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We live in a world full of “I want it now” service. Options range from drive-thru food to a drive-in church service (there are actually several of these in California); from instant data via online googling (like the elder who needs an immediate answer in a council meeting) to real-time Facebook conversations with your children at university; from having several different choices of iPhone covers daily to building your dream car at the dealership that meets all your needs (even the financial option to lease or add a loan). We are quickly becoming a society that gets what it wants — how it wants it and when it wants it. Yet, even in a day and age that exudes with everything and anything you can think of, Youth Leaders are still at a dead end when it comes to choosing curriculum materials for their youth groups.

I struggled for years searching and researching, examining and questioning, digging and scratching the surfaces, in the quest for that “perfect” curriculum; and, just when you think you’ve found it, the culture changes on you. In frustration for years, I decided it was hopeless to continue the crusade in search of the “holy grail” — that perfect program — and custom created my own biblical curriculum and devotions each week, year after year.

However, the webinar a few weeks ago on Resources for Youth Leaders was a refreshing overview highlighting some options that are definitely available for Youth Groups today.

  • The book Sticky Faith promises everyday ideas to build lasting faith in your kids. One of my favourite chapters includes “Sticky Identity”, where they discuss how to help our kids shape a Christian identity for themselves.
  • Or, check out the book Hurt 2.0 which searches to understand the contemporary adolescent, and doing so by exploring the landscape that youth live in today. Then, taking the extra effort to give a thoughtful reflection on ways we can help to stabilize the situation around us.
  • There’s also the Right Now Media approach for those who are techno-savvy and are technologically able to add meaningful and supportive media clips that enhance their weekly talks, devotions and curriculums. And, don’t get me wrong, “Right Now Media” is an awesome tool if you can afford the price tag that comes with it. All these — New City Catechism, 99 Thoughts on Raising Your Parents, Truth Matters — have their shield of glory, in which they excel.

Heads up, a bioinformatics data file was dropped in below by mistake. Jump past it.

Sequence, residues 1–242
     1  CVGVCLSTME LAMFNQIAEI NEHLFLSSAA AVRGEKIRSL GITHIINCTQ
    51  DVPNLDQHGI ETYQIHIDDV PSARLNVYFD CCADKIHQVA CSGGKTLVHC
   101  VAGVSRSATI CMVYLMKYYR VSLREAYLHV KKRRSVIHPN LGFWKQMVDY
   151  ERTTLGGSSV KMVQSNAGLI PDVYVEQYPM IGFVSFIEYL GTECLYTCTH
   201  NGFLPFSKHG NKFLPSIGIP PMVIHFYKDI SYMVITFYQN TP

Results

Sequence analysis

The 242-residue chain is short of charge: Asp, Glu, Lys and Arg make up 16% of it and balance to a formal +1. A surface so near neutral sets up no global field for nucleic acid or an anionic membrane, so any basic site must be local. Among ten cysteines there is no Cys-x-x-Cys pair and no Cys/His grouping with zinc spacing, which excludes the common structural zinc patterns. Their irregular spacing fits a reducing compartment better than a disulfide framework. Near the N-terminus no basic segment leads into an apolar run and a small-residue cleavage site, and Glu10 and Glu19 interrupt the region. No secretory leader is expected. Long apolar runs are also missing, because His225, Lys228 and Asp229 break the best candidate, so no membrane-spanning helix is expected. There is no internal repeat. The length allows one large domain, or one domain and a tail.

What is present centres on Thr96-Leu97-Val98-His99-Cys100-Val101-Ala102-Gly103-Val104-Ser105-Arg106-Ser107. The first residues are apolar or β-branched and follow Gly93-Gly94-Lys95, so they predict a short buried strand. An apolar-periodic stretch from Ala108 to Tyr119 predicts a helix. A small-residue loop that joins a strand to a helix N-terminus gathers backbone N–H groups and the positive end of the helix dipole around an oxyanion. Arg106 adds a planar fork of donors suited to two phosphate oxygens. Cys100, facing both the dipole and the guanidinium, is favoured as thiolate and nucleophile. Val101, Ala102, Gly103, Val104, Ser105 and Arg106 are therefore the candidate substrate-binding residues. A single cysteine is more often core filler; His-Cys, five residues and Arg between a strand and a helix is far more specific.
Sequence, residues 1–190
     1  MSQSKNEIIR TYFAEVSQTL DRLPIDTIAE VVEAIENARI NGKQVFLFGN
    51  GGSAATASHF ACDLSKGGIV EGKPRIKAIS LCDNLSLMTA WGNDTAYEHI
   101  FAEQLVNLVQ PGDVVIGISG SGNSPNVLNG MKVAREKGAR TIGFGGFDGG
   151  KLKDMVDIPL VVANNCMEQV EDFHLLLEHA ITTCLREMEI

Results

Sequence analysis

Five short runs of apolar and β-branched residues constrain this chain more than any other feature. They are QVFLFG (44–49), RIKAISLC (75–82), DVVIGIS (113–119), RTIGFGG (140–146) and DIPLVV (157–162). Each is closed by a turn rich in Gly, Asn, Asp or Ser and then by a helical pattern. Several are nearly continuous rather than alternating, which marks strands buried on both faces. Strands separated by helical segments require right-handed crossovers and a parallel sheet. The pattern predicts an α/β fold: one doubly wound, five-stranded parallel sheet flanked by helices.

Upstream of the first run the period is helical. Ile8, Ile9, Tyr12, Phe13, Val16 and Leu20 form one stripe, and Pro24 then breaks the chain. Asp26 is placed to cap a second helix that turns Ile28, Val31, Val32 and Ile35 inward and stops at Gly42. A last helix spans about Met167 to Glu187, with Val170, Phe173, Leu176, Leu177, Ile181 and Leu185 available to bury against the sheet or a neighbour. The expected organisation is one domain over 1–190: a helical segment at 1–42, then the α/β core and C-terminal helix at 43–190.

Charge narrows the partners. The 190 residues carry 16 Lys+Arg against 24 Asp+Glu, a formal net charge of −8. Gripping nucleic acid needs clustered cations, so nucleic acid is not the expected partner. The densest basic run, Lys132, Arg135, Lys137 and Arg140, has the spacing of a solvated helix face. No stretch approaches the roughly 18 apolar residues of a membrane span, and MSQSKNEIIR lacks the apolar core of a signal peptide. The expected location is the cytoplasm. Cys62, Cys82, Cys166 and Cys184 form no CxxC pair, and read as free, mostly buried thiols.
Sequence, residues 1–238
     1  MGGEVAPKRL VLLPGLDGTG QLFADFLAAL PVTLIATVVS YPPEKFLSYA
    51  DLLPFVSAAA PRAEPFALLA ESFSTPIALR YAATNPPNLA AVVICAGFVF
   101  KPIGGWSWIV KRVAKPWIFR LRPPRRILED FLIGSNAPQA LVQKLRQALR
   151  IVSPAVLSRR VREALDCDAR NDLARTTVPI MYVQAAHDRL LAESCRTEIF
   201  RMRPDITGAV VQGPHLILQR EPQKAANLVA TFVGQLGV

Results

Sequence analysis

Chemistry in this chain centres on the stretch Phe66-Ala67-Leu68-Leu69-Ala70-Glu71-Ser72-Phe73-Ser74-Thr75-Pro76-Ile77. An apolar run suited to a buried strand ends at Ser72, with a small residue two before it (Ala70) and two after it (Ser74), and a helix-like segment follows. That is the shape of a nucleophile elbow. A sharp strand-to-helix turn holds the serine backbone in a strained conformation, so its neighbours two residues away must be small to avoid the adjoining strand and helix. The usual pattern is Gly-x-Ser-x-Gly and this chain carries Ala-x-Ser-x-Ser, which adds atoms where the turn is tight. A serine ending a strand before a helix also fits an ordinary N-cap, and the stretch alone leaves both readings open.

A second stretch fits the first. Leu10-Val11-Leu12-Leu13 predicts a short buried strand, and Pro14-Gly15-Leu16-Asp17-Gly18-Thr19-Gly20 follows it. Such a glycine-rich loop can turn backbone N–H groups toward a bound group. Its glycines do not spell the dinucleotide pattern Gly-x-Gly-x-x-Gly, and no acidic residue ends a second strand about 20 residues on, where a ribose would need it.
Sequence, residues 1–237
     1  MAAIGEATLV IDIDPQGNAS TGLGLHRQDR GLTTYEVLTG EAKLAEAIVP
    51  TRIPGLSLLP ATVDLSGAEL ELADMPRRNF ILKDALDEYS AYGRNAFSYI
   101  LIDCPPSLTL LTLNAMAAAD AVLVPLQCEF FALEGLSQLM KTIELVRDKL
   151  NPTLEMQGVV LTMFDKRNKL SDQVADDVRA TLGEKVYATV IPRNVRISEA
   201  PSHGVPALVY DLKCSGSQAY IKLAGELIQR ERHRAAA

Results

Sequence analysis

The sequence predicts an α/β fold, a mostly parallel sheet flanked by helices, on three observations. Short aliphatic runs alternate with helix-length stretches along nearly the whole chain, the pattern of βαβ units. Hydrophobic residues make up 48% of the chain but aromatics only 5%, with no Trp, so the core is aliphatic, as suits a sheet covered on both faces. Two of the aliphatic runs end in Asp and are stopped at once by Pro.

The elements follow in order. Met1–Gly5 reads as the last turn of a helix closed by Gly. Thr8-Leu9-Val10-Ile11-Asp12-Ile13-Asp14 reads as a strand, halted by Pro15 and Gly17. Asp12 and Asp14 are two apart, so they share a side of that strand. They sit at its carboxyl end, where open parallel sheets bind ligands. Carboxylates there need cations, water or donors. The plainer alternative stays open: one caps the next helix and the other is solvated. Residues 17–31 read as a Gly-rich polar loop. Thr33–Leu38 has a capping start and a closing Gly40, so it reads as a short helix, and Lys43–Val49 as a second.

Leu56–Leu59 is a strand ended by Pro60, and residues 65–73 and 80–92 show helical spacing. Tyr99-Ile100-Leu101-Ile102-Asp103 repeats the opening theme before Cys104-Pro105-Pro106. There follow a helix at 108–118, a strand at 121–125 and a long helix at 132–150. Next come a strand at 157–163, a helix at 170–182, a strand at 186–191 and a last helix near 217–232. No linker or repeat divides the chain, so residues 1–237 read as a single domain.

But, I would like to highlight a curriculum that I have found to treasure in the last few years that was not mentioned in the webinar. It’s called the “So What?” Curriculum Series. The “So What?” youth Bible study materials are produced by the Great Commission Publications (a ministry supported and directed by the Orthodox Presbyterian Church and the Presbyterian Church in America) and is designed for ninth to twelfth-grade students. The entire curriculum is designed to teach students the whole Bible and God’s plan of redemption in Christ from a distinctively Reformed perspective. Each study comes with materials for the students as well as an extensive leader guide. The student materials and the leader guide are attractively put together. The graphics are obviously designed to appeal to the audience, and the content is well organized. Teachers will find these studies very “teacher-friendly.” Electronic resources include already prepared PowerPoint slides.

The Leader Guide offers an overview of the entire study, a helpful guide to getting started, an explanation of the different materials, tips on leading an effective study, and an explanation of the digital resources available on the So What? website. For each individual study, there is a lengthy section called “Leader Prep” designed to help the teacher prepare for the study. For the students, a separate booklet is devoted to each weeks study. The format of the booklets is appealing, and the questions are designed to get the student to dig into the Scriptures and think about what they read. Helpful discussion questions called “Meaningful Conversations” are interspersed throughout the studies. In each module (and, presently there are 8 or 9), there is easily more than enough material for 1 year, possibly 2 years depending on how many times you meet in a month. All this is very reasonably priced, per child.

My experience in the past 30+ years with youth-curriculum has been extremely disappointing. Many well-intentioned designers of such materials end up creating studies that do not engage the students very well. The “So What” Bible Study series does not suffer from this flaw. If you are looking for a solidly Reformed youth curriculum for your church youth group, I highly recommend considering this series.

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